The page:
President Donald Trump signed a $900 billion Covid 19 relief bill into law, averting a government shutdown and extending unemployment benefits to millions of Americans. The signing came many days after Trump suggested he will veto the legislation, demanding $2,000 direct payments to Americans, rather than $600.
All the bluster neither drastically changed to perspective for stocks, as markets still expected (and eventually received) stimulus of a minimum of $900 billion to pass, wrote Tom Essaye, founder of The Sevens Report.
The 5 pillars of the rally (Federal stimulus, FOMC stimulus, vaccine rollout, divided government and no double dip-recession) re-main largely in place, and until that changes, longer term view and the moderate for stocks will be positive, Essaye included.
Apple led the Dow higher, rising 2.5 %. Tech and materials had been the best performing sectors in the S&P 500, gaining 0.9 % along with 0.8 %, respectively.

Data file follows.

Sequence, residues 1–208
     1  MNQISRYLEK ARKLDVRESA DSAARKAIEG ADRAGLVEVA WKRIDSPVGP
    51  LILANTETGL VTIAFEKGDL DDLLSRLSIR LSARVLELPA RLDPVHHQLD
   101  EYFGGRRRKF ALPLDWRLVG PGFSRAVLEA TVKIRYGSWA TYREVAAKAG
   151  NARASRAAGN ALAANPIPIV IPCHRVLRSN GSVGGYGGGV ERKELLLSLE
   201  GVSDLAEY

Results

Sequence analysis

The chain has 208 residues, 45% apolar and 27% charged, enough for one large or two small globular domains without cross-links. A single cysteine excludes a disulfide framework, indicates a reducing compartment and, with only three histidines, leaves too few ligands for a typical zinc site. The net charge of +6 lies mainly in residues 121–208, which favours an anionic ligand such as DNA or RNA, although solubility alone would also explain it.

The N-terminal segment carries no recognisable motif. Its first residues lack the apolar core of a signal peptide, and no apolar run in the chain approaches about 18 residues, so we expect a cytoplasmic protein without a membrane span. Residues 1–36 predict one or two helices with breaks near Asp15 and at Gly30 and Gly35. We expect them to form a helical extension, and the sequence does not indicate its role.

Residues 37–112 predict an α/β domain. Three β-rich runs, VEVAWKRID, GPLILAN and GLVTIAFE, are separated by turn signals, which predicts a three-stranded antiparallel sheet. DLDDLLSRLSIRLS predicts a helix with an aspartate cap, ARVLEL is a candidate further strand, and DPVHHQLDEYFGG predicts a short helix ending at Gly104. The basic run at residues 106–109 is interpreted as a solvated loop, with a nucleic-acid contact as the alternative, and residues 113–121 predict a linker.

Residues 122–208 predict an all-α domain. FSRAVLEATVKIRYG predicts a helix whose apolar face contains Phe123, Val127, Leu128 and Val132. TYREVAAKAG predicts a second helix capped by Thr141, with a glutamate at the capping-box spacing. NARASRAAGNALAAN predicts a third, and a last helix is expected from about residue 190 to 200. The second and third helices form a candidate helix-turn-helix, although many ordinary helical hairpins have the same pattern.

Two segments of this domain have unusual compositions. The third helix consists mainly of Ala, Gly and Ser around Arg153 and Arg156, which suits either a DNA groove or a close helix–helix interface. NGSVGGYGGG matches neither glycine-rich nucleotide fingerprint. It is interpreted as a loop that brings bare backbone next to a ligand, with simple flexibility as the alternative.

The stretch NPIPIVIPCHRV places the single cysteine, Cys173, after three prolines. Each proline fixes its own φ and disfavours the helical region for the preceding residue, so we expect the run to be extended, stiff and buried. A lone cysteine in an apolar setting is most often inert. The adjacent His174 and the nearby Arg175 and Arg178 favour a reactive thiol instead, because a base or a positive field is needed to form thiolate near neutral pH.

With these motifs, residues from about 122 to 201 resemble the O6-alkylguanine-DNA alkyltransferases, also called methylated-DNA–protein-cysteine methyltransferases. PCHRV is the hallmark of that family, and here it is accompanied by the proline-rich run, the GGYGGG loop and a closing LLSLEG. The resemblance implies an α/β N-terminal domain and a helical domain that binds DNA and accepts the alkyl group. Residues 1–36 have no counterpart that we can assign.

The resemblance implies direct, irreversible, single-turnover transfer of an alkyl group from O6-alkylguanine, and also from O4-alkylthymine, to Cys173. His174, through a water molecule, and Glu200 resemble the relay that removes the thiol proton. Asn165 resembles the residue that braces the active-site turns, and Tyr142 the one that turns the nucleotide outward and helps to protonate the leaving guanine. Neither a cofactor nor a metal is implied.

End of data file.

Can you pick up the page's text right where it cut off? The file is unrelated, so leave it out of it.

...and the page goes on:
Wall Street is actually coming off a quiet holiday week where the main averages were flat. The S&P 500 fell 0.2 % last week as several investors procured the chips off into the year end. The 30 stock Dow eked out a 0.1 % gain for the very same period.
Profit-taking could ramp up in the final week of the year, which has so far seen surprisingly strong returns. The S&P 500 has acquired 15.4 % year to date, while the Dow has climbed 6.4 %. The Nasdaq has soared 43.2 % this year as investors favored high-growth technology labels during the ongoing Covid 19 pandemic.
Dr. Anthony Fauci warned on Sunday that the united states could see a surge in new Covid-19 infections after Christmas along with New Year’s celebrations. Two vaccines by Pfizer and Moderna have started the distribution process this month. So much more than one million men and women in the U.S. have been vaccinated.